Dagher is among those who are convinced that the body’s age-old circuitry remains wired for calories, rather than taste or healthfulness, a belief that is buttressed by a growing number of studies suggesting that the popularity of fast food is directly tied to how it stimulates our brains. In a paper published this spring, researchers from three U.S. institutions described what happened when they placed 30 teenagers in MRI machines and showed them TV shows and commercials. Food ads for brands such as McDonald’s and Cheerios caused greater activation of brain areas associated with attention, reward and taste than non-food ads for things such as cars, telephones and insurance. And afterward, the teens demonstrated better recall and higher opinions of the food commercials than the non-food ones.
A similar study of younger children, published in the Journal of Pediatrics last fall, looked at the effects of corporate logos on brain activity. All subjects showed more action in reward centres when exposed to fast-food brands. The obese children also showed higher levels of activity in their cognitive-control areas than children of healthy weights, suggesting they might be more vulnerable to such advertising. Dagher suspects such findings simply confirm what fast-food companies have known for years. “All they have to do is get you to try it, and then the body remembers,” he says.
With obesity now a global epidemic—the World Health Organization estimates there are more than 300 million people who meet the medical criteria, and a further 700 million who can be classified as overweight—the question becomes how to best work around our brains. Diets are clearly hit and miss. Dagher notes that ghrelin levels actually spike when people try to starve themselves, or are experiencing stress, while a forthcoming British study, previewed last fall, seems to show skipping a meal increases the brain’s desire for high-calorie foods.
And our understanding of the intricate, interlinked processes that affect our appetites is still too limited to offer much hope of a pharmacological breakthrough. Rimonabant, a promising anti-obesity drug that blocked a hunger-controlling cannabinoid receptor in the brain, was pulled from the market in 2009 after it was found to provoke severe depression and suicidal thoughts.
One potential path was unveiled in April by researchers at the University of East Anglia in Norwich, England, who published a paper outlining their discovery of stem cells that generate appetite-adjusting neurons. These tanacytes are found on the floor of the third ventricle, one of four connected, fluid-filled cavities within the brain. Mohammad Hajihosseini and his colleagues proved the cells were reproducing and migrating to neighbouring regions, by injecting dye into the brains of mice and tracing its progression.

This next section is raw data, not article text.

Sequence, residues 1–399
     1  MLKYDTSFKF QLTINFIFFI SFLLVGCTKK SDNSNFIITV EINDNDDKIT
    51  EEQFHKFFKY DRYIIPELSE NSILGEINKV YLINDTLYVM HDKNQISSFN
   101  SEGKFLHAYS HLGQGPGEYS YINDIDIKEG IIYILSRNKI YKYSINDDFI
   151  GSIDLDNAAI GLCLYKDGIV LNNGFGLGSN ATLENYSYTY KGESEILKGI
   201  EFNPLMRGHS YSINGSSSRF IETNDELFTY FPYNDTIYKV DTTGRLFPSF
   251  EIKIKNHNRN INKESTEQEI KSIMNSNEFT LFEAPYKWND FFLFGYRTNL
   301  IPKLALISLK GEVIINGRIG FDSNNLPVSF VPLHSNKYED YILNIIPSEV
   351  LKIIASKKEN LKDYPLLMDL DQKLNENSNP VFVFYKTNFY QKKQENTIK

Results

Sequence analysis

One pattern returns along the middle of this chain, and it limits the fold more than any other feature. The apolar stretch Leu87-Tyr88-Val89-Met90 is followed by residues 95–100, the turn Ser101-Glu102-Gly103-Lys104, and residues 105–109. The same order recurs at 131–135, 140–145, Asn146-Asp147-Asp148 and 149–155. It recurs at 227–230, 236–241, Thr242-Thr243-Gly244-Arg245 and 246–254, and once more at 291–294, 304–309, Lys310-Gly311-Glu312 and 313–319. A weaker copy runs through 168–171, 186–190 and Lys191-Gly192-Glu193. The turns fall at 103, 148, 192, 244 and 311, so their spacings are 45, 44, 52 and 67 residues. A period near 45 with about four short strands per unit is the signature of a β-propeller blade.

It’s an important breakthrough because scientists previously believed humans were born with a set number of appetite neurons. And if they malfunctioned or died—one of the suspected root causes of eating-related disorders—the damage was permanent. “It means that these circuits aren’t set for life, like most of the other areas of the brain. They’re malleable,” says Hajihosseini. “And we now have a mechanism to replace them if we wanted to.”
Eventually. There’s still the question of whether these neurons turn the appetite on or off, as well as which genes regulate their biology and make them divide—and at what age, and for what reasons, humans stop naturally producing them. There are five or 10 years, the lead researcher estimates, of heavy scientific lifting before we can talk about interventions.
A more direct way to combat the obesity epidemic is to cut off the foods that are feeding it—calorie-rich, low-nutrition snacks, sugary drinks and mind-blowing fast-food innovations. (Pizza Hut now offers cheeseburger-stuffed crusts at its Middle East locations and hot-dog-stuffed ones in the U.K.) “It’s going to take new public policy to change things,” says Montreal’s Dagher, “just as we saw with the tobacco industry 10 or 20 years ago.”
The mystery of how the brain controls—or diverts—our appetites will probably take longer to unravel. As Tim Verstynen points out, it was only a decade ago that researchers began to suspect there was a link between obesity and reduced cognition. It’s too soon to even say whether differences in the brain cause obesity, or obesity causes changes in the brain. (It’s likely both.) “We’re just at the beginning of this,” he says. “We’re still trying to figure out what questions to ask.”